SANDOWN – Recently representation from the planning board, the state Department of Environmental Services (DES) and the fire chief met to better understand each other when it came to the installation of fire ponds, cisterns and dry hydrants around town.
Fire chief Bill Tapley, planning board members Mark Traeger and Ed Mencis, and DES’s Eben Lewis met for a few site visits.
Tapley has been pushing the planning board in recent years to make sure that all new subdivisions have access to water. It’s something written into the rules and regulations but has been overlooked occasionally in the past. But he’s been working with the planning board in recent months to get that protection for Sandown homes.
“I just want to be on top of it,” said Tapley.
About a year ago, when developer Bob Villella dug a fire pond without the proper DES permits, the matter became more complicated for everyone involved, despite the universal agreement that having water for fire fighting purposes is a good thing.
Villella has sought to wash his hands of the matter, stating that he was merely doing what he was told in digging the pond without permits. Tapley had stepped in to get the necessary after-the-fact permits for the pond, but the matter has not made the progress many had hoped for, and recent communication with DES to Villella has demanded that the pond be removed.
Tapley said the area and its 70 homes has fire protection now, and he would only be comfortable having the pond removed if something else had taken its place.
While that fire pond at Hillside Estates was a matter of discussion in the meeting earlier this month, Tapley also sought clarification on how to move forward with establishing other water sources around town.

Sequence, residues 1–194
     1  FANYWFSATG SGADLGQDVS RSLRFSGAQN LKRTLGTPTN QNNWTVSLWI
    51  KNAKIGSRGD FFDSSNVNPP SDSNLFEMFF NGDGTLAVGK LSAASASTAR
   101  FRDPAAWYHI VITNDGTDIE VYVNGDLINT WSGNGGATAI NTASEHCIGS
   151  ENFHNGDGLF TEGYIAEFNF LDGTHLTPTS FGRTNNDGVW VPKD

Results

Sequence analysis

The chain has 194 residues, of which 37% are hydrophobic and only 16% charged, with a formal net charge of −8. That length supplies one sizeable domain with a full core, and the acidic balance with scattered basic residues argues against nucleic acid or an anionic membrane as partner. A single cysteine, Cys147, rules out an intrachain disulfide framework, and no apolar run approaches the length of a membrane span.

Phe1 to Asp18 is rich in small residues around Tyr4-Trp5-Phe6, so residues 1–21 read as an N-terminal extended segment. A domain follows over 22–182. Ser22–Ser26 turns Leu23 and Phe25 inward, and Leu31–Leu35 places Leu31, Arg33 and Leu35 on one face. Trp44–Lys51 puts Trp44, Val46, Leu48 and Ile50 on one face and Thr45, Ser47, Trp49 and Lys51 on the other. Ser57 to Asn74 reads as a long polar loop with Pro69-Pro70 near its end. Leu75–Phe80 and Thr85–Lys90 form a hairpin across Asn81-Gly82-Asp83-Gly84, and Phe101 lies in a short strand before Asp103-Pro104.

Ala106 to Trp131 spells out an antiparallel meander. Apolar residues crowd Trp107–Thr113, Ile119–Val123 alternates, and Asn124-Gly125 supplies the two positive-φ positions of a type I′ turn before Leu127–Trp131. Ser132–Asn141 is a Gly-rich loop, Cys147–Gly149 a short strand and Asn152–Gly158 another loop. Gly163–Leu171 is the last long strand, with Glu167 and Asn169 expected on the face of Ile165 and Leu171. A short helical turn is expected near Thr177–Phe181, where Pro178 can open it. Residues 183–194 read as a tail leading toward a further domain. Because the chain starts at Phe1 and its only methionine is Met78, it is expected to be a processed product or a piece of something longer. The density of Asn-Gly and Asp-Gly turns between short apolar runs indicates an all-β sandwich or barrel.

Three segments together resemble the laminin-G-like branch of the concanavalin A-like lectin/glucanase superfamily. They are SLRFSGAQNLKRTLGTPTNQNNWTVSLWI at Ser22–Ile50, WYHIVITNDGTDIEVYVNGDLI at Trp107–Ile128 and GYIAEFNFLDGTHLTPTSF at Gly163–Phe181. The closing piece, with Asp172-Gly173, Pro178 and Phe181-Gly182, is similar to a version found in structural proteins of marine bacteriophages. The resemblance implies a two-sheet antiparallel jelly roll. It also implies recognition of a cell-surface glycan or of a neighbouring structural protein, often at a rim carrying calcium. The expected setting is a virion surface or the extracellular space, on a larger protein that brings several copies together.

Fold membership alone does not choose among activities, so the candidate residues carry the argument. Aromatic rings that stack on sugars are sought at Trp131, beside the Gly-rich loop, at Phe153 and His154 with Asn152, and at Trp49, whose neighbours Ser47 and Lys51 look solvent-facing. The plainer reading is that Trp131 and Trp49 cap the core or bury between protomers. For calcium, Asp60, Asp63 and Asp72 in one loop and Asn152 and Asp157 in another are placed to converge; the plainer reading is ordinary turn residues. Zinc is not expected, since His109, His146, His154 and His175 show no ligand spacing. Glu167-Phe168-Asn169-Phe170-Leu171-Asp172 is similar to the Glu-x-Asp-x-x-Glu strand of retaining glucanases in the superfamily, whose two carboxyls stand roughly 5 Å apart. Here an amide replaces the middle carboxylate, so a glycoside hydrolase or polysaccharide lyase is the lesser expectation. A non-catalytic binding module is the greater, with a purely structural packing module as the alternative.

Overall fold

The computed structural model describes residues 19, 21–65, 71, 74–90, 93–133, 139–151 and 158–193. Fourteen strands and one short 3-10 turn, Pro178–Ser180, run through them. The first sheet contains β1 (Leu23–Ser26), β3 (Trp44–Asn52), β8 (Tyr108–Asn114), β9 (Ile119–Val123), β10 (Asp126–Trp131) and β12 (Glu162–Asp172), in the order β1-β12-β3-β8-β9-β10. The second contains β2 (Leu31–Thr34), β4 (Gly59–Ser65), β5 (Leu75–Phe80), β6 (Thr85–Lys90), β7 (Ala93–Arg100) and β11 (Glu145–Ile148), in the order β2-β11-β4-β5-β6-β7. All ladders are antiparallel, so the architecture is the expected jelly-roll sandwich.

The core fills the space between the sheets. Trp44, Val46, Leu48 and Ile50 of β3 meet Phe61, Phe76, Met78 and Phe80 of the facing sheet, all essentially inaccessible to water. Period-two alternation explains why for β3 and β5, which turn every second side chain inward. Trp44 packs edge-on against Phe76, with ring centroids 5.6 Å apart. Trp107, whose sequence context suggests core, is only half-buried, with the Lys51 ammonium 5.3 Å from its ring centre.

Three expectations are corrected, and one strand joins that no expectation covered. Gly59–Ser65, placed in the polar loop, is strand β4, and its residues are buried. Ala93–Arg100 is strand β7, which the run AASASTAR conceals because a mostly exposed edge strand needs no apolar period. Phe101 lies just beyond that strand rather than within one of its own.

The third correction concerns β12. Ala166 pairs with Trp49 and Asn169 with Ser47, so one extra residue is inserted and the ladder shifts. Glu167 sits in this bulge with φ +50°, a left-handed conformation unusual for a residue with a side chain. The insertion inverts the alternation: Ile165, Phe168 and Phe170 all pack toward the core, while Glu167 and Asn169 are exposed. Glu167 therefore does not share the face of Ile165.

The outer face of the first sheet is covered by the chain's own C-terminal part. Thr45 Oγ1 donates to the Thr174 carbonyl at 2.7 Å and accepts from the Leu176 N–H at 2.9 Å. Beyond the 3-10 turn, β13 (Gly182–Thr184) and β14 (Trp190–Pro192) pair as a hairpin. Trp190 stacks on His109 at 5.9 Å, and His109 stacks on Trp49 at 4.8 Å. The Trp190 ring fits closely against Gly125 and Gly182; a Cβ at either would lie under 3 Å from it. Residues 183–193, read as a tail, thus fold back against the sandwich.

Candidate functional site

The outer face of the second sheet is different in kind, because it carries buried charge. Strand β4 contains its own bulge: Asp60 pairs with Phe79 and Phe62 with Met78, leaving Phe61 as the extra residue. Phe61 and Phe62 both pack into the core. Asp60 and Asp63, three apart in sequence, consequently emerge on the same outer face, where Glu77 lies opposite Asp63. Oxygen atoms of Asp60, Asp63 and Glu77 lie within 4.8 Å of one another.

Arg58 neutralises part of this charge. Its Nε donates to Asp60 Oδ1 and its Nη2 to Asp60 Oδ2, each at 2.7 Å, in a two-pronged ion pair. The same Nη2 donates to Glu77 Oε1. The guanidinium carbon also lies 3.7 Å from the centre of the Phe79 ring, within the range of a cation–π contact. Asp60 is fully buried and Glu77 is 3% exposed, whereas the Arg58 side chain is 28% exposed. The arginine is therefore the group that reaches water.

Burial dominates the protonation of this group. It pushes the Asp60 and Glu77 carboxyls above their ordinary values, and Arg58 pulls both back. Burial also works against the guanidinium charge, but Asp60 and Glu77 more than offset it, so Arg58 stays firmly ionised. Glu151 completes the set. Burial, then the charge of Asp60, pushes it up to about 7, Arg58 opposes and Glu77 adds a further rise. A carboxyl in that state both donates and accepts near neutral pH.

Both Tapley and planning board member Mark Traeger, who organized the meeting, said it was positive and that all agreed that working together in the future should be easy.
One of the areas reviewed was Phillips Pond Estates, where initial plans were to create a gravel drive near the pond so that fire department trucks could fill up, but on further review it looks to be wiser to instead install a dry hydrant.
Tapley said Lewis explained that all that would be needed for the work was a Permit by Notification, a relatively basic permission.
A number of other sites were reviewed and found to be as easily workable, explained the fire chief. In addition to dry hydrants, while ponds are less expensive to build, Tapley noted that their upkeep is more labor intensive and he’d personally rather see a cistern if the site calls for it.
Currently the fire department maintains ponds and cisterns around town, occasionally dredging and cutting back brush in ponds and clearing cisterns of snow.
“I just want to do it once, and do it right,” said Tapley, noting that the meeting was positive and that messes like the Hillside Estates fire pond can be easily avoided.
The fire chief said DES’s goal is to protect the environment and his job is to protect the people that enjoy that environment in Sandown, and the two are not mutually exclusive.
“He (Lewis) was very good to work with,” said Tapley. “I think we’re on a better track now. It’s better to meet face to face.”
Tapley and Traeger have agreed to work together to compile the necessary Permit By Notification paperwork for future dry hydrant installation and other necessary permits for fire protection work in coming months.